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UFC Fight Night Interview: Kenny Florian

These days, Kenny Florian is a household MMA name. Due to this, it's sometimes hard to remember that he's only been competing in mixed martial arts events for a little over five years now. And five years doesn't seem like much when compared to the nearly nine years of professional MMA experience his well- rounded UFC Fight Night 11 opponent, Din Thomas, brings.

Then again, length of MMA experience only means so much, especially when you're talking about a fighter like Kenny Florian who achieved his BJJ black belt way back in 2003 and has been training with famed Muay Thai coach Mark DellaGrotte for over three years now. Further, he's put in time training with the likes of Greco- Roman expert Darryl Gholar, Cuban Wrestling National Team coach Alejo Morales, and, of course, BJJ black belt Robert Maia.

Kenny Florian has certainly utilized his time well. After all, he wouldn't have been able to run with the opportunity that TUF 1 gave him if it were not for some of the most diverse skills in the lightweight division. So how will it all come together when he takes on the ultra experienced Din Thomas? How has training been going?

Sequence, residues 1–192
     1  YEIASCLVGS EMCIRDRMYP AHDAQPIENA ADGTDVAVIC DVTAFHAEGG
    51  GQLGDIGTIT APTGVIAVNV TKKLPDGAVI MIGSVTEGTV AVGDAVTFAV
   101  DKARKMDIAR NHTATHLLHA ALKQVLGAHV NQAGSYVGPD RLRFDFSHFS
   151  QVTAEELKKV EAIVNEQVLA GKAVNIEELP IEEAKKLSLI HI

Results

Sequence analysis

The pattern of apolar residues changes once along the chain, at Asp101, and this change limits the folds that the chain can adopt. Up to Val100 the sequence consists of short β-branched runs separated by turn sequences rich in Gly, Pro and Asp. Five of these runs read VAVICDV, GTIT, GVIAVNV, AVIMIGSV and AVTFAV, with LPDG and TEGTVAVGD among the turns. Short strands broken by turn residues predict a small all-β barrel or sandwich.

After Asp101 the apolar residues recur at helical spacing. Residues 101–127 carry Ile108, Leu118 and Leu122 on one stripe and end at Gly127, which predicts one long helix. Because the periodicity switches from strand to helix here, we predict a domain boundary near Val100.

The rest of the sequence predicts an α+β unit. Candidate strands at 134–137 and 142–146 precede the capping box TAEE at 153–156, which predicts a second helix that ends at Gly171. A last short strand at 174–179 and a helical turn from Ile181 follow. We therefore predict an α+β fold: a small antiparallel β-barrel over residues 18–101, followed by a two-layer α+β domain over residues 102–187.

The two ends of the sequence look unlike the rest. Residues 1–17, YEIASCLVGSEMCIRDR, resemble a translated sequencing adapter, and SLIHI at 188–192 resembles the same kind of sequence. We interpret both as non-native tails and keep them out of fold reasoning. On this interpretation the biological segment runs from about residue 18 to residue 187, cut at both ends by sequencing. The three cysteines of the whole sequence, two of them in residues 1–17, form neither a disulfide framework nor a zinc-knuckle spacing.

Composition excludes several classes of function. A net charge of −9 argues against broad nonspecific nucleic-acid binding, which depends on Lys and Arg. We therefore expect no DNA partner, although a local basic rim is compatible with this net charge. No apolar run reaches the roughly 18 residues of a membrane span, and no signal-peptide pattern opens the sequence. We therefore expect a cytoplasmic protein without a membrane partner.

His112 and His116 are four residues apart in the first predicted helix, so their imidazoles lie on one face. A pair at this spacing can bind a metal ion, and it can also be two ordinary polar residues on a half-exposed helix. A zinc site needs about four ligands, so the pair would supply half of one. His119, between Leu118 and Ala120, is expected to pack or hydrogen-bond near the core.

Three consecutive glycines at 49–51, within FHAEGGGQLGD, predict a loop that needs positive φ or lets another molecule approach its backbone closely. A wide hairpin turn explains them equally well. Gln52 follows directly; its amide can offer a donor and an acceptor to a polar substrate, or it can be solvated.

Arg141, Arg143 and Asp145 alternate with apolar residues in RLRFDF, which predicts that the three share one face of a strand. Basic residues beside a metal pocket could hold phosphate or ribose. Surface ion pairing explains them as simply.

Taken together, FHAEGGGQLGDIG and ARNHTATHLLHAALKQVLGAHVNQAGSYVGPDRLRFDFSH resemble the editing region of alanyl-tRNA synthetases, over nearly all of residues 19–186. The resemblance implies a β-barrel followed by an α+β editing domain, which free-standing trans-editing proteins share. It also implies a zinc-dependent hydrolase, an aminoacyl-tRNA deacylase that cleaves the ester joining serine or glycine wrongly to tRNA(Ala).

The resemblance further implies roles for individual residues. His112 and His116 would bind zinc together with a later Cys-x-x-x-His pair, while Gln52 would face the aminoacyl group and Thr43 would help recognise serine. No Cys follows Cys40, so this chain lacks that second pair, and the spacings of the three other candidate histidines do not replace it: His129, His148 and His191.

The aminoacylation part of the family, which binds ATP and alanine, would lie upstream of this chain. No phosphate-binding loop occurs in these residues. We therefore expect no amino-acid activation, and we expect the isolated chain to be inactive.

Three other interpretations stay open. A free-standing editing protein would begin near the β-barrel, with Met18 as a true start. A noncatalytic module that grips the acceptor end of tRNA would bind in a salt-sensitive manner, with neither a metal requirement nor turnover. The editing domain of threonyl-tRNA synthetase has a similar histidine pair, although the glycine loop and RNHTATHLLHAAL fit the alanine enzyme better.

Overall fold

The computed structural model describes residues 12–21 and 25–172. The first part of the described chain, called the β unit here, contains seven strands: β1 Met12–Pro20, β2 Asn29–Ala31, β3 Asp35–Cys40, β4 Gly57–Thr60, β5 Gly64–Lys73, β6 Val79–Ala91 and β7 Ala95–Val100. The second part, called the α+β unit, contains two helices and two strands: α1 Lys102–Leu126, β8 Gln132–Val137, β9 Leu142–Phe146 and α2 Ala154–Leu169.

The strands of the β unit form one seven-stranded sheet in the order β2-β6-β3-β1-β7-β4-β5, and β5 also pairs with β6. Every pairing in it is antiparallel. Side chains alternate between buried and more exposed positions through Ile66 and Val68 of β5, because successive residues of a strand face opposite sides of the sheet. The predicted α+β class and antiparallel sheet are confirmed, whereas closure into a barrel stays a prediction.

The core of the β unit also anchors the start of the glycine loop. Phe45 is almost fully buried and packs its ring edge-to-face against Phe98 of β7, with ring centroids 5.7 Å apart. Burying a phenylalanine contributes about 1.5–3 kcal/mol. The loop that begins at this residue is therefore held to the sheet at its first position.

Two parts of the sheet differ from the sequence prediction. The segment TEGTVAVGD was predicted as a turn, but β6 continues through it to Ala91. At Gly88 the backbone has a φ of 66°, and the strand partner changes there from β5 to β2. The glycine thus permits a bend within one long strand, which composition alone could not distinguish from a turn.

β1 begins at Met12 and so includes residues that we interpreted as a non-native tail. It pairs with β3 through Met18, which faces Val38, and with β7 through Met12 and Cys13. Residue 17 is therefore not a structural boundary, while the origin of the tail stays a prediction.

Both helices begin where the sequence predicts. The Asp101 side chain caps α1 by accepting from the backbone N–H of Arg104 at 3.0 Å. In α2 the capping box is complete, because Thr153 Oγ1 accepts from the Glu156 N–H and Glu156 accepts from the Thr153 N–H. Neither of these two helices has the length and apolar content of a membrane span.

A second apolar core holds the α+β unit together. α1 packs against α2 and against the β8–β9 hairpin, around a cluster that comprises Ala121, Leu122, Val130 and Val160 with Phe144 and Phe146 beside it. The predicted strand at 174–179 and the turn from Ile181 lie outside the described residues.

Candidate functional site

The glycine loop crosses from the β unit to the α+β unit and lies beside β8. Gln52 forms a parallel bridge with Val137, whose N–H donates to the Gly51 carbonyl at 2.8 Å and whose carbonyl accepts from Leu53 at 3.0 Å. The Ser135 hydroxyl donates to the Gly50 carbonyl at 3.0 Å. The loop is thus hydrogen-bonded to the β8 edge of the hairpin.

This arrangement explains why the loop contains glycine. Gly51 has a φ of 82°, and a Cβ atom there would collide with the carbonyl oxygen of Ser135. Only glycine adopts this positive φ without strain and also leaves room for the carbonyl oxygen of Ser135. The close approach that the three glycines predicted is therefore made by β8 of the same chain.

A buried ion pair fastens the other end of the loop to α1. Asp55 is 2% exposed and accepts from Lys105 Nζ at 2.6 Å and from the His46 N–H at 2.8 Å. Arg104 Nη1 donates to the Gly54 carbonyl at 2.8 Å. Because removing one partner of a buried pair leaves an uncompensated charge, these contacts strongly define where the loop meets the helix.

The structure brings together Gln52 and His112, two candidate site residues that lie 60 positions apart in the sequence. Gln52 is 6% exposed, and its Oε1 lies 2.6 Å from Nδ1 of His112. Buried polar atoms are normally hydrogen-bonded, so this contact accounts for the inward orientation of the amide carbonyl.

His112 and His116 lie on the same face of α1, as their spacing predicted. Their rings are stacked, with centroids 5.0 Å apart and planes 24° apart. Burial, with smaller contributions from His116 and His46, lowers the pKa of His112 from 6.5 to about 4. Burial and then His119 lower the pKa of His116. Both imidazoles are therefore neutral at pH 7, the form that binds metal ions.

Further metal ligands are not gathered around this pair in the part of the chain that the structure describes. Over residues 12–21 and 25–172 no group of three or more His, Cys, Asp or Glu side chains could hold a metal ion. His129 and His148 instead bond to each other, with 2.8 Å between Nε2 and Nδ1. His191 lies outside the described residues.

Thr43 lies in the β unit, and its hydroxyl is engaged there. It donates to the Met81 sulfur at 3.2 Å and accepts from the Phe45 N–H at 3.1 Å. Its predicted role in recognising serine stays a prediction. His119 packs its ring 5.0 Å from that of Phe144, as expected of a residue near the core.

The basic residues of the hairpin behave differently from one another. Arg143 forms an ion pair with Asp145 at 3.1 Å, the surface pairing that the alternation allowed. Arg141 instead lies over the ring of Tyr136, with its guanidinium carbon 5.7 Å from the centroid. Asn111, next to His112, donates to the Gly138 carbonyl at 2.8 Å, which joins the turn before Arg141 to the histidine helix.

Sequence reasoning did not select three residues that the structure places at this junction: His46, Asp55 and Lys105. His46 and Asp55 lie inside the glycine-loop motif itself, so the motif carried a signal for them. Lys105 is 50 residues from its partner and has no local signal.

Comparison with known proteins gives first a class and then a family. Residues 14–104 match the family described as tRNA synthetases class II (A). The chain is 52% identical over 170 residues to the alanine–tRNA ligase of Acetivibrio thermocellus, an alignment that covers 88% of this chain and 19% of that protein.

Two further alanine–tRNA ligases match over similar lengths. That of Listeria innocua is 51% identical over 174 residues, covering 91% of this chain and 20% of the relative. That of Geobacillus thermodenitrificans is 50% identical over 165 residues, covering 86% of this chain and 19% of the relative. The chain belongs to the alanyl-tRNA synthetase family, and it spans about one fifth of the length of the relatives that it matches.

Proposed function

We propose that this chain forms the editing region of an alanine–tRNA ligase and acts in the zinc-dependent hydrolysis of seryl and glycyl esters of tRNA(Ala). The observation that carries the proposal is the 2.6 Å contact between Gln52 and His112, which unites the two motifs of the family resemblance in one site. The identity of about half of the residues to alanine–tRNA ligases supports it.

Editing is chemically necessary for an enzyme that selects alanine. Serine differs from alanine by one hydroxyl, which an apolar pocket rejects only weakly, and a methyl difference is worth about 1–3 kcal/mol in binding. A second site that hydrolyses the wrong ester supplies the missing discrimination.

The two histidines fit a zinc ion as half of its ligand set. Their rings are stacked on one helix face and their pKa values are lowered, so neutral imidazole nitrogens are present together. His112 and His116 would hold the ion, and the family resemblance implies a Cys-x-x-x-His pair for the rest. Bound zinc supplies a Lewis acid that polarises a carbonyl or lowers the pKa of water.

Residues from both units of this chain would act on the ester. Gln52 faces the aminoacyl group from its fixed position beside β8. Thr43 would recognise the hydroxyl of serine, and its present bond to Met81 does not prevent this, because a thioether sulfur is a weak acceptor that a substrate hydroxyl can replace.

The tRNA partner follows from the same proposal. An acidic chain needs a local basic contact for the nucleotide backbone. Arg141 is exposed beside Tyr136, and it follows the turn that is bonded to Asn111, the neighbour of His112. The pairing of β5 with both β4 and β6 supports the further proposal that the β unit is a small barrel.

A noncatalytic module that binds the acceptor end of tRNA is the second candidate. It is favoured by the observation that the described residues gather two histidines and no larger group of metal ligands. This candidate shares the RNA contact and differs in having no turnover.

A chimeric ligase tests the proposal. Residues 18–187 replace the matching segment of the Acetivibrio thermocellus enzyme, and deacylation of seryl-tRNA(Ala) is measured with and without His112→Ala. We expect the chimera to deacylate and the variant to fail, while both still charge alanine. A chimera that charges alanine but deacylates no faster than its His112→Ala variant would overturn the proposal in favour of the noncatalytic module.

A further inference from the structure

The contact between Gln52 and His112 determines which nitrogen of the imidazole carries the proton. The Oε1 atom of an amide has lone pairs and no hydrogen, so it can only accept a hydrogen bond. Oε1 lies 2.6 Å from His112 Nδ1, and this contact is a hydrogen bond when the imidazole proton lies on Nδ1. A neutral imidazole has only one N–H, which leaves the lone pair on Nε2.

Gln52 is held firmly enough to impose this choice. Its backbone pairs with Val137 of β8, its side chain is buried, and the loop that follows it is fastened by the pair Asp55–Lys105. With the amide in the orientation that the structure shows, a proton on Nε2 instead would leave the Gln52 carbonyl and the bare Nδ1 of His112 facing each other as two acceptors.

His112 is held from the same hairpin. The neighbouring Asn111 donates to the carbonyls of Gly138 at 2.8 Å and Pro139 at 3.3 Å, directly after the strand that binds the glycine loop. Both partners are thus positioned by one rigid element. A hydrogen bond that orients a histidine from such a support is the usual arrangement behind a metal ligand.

Florian: Going excellent. I've been doing all my training here in Boston. I've been preparing here with the team that I always train with and haven't done any traveling. Usually, I travel for fights, but I've just been staying put here in Boston. If you could, name some of the guys you've been training with?

Florian: Patrick Cote and Jonathan Goulet were in town training for their fights, so I did some work with them. Marcus Davis, I did a lot of training with him as well. My brother Keith. Of course, Mark Dellagrotti. . . And my other brother, Kirk.

We've got a bunch of guys that have been training with me. It's been great; we've had some great training sessions. I'm in the final week of training right now. (So) now it's kind of taper mode. Just relax and watch the weight until the fight. All the hard work is done.

So, this is a good time, bro. Marcus Davis looked great in his last fight, by the way.

Florian: Thank God he came back from that kick. That was intense. The round of the night for sure.

Florian: Yeah, absolutely. You've seemed, at least to me, to be physically stronger in the bouts since Sean Sherk. Do you feel that's true, and if so has that been a point of emphasis in training?

Florian: Absolutely. One of the things I really did was start to train like a professional athlete after that fight. I was injured for that year; my back was really bad. Just doing regular things and walking around was very painful? even lying down.

So I knew that I really had to do something drastic about getting my back stronger and getting my whole body stronger. I hired a strength and conditioning coach and met with him two weeks after the Sherk fight. (From there) I was training every single day. And it just improved my overall strength tremendously and the back injury went away.